Here's my diagram marked up with cutting sizes.

The one thing we haven't talked about yet is binding. You're going to need a long strip of fabric for this. To figure out the length, measure the perimeter of your quilt, then add at least a foot extra to accommodate corners and seams. The width depends on your preference. If you want about 1/4" of binding to show around the edge of your quilt, strips of about 2 1/4" should work out nicely. If you want it to be wider, add width accordingly.

You won't be able to cut all this in one long strip, so you'll want to enough shorter strips that you can piece them together to create the length you need. Throw in a little extra length to account for all those seams.

My quilt is 31" square, so it has a perimeter of 124". I'll bump that up to 140" of binding.

Once all that's done, make yourself a list of pieces you'll need to cut, with specific dimensions for each. Here's my list.

If you're doing the math, you'll notice that 7 strips (cut from a fat quarter) would have taken care of my 140" of binding. But I cut an extra to allow for all those seams needed to patch them together. Better too much binding than too little.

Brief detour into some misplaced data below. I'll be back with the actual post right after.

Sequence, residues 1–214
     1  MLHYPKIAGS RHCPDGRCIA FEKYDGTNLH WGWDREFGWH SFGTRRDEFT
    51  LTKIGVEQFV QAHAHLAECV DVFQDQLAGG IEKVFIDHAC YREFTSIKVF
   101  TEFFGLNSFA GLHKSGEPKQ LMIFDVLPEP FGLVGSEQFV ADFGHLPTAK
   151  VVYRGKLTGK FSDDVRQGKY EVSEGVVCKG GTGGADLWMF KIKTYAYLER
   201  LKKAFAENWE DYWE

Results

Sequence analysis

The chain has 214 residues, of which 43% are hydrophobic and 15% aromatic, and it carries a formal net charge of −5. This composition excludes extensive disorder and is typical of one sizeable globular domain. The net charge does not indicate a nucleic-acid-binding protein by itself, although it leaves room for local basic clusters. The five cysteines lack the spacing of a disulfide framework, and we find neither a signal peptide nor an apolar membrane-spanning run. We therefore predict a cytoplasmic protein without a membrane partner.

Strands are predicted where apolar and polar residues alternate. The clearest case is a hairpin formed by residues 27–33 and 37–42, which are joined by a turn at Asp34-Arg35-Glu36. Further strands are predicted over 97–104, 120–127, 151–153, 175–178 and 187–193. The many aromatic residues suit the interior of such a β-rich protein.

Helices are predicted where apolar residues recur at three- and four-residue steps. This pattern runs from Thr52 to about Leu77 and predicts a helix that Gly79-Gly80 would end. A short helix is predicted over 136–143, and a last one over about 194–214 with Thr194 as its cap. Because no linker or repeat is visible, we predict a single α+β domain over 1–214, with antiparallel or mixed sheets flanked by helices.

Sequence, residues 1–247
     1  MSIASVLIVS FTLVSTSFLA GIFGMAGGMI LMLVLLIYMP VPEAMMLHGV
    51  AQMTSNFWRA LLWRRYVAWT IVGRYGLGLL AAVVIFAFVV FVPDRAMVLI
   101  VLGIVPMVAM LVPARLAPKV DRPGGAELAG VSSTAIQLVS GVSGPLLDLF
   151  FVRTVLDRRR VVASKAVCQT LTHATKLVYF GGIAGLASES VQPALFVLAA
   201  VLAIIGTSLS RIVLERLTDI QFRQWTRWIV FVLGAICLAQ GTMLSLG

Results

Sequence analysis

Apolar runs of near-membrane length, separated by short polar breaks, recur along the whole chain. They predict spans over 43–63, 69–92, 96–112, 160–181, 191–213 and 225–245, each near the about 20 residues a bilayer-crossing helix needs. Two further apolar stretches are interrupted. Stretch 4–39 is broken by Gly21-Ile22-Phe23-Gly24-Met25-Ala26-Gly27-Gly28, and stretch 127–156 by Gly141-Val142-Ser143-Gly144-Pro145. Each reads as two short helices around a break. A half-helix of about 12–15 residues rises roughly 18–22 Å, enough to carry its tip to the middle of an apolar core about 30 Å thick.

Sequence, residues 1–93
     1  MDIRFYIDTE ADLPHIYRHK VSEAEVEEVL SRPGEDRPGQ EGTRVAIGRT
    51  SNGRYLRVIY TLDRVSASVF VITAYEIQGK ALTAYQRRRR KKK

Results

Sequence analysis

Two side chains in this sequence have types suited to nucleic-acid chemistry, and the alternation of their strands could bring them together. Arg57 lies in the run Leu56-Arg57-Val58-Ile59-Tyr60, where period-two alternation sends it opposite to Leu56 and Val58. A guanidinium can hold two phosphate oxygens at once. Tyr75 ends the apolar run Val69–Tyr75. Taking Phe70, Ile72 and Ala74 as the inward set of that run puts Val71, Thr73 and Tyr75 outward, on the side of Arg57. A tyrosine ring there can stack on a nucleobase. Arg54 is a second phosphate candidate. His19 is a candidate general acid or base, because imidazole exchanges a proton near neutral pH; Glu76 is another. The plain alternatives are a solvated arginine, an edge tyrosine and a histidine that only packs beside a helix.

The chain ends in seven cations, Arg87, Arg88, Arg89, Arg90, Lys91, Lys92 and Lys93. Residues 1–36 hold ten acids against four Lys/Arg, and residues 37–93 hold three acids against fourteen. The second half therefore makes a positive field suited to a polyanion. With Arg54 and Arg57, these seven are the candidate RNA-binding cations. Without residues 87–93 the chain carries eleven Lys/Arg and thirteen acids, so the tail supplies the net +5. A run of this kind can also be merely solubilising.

If you have strips framing the edges of your quilt, it's not a bad idea to cut those a bit longer than their "official" length too. The finished measurement of your quilt can have a way of turning out a little differently than you expect. It's cool.

Still with me? Great! Now it's time to start actually making this thing.

Unless you're going to be embroidering over multiple patchwork pieces at the same time, you'll want to embroider your fabric BEFORE you cut your pieces. This will help you get the best-looking embroidery results.

Spray a piece of cutaway stabilizer with temporary spray adhesive, smooth it on the back of your fabric, hoop it up, and embroider. Repeat as needed.

Often it can look best to leave the stabilizer on the back of the whole piece of fabric, rather than cutting it close to the design. Keep this in mind as you're stitching out designs, to make sure you'll have enough fabric and stabilizer around the edges.

Once your designs are stitched, it's time to start cutting!